They first saw the Spanish Peaks in what is now southeastern Colorado on November 13. They began to encounter Kiowas in large numbers during the following week, but the meetings were tense and establishing trade was nearly impossible. Moving on, the party met Spanish troops in Taos who informed them that the area now belonged to Mexico, which had defeated Spain in the Mexican Revolution; the Glenn–Fowler expedition was considered successful. It not only met the original objective of proving feasibility of trade between the United States and Spanish North America, but confirmed the route that would be followed by the Santa Fe Trail; the new Mexican government was quite happy to promote trade between the United States. The authorities gave the expedition to trap and hunt in the Spanish lands; the expedition members obtained nearly 1,100 pounds of furs before they left the area on their return trip on June 1, 1822. Hugh Glenn returned to Cincinnati, where he died on May 28, 1833, at the age of 45.

His expedition's success had not gotten him out of financial difficulties. Jacob Fowler went to Covington, where he lived to age 85 and died October 15, 1849. Glenn–Fowler expedition – Encyclopedia of Oklahoma History and Culture

Jonathan Hoefler

Jonathan Hoefler is an American typeface designer. Hoefler founded the Hoefler Type Foundry in a type foundry in New York. Jonathan Hoefler was born on August 22, 1970 in New York City to Doreen Benjamin and Charles Hoefler, a theatrical set designer and producer. Growing up, it was the Gill Sans text on boxes of custard, he is self-taught, worked with magazine art director Roger Black prior to forming the Hoefler Type Foundry in 1989. Hoefler's Champion Gothic was inspired by 19th century wood type, it was commissioned for Sports Illustrated shortly after founding the company in 1989. In 1997, his path crossed with type designer Tobias Frere-Jones when both were trying to purchase German type foundry catalogs. In 1999, Hoefler began working with Frere-Jones, from 2005–2014 the company operated under the name Hoefler & Frere-Jones as a partnership. In 2000, the firm, under Frere-Jones' direction, designed its ubiquitous Gotham typeface for GQ magazine and received wide recognition for their work and in the last 20 years is one of the most successful typefaces.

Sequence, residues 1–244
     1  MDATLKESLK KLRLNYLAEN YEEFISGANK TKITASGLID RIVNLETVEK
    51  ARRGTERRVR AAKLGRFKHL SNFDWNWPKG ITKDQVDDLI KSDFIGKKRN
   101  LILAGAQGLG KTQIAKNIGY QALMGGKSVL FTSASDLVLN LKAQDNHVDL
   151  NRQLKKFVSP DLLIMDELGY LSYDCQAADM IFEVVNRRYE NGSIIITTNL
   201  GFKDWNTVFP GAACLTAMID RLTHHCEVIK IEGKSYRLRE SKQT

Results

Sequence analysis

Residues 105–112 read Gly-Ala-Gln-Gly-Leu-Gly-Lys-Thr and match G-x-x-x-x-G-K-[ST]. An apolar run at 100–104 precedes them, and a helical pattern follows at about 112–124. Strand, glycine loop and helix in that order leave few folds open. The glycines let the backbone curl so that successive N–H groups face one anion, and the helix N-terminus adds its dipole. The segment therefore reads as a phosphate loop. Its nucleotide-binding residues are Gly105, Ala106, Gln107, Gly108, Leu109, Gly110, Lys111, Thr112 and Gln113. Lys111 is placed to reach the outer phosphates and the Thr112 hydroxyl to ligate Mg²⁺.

Hoefler's process when designing typefaces begins with research into historical records and utilize the programming language Python to automate repetitive tasks. Their typefaces are systematic and logical and incorporate specific features based on their research. Hoefler has designed original typefaces for Rolling Stone, Harper’s Bazaar, The New York Times Magazine, Sports Illustrated, Esquire and several institutional clients, including the Solomon R. Guggenheim Museum and alternative band They Might Be Giants, his best-known work is the Hoefler Text family of typefaces, designed for Apple Computer and now appearing as part of the Macintosh operating system. He designed the current wordmark of The Church of Jesus Christ of Latter-Day Saints. In January 2014, Frere-Jones sued Hoefler for $20 million in the New York Supreme Court accusing him of scamming Frere-Jones. Frere-Jones claimed that in 1999, Hoefler agreed to a verbal 50-50 partnership, binding. In light of the lawsuit, Hoefler changed the name back to Hoefler & Co claiming Frere-Jones had only been an employee, citing an agreement that they weren't partners but “independent entities" and asked the court to dismiss the case.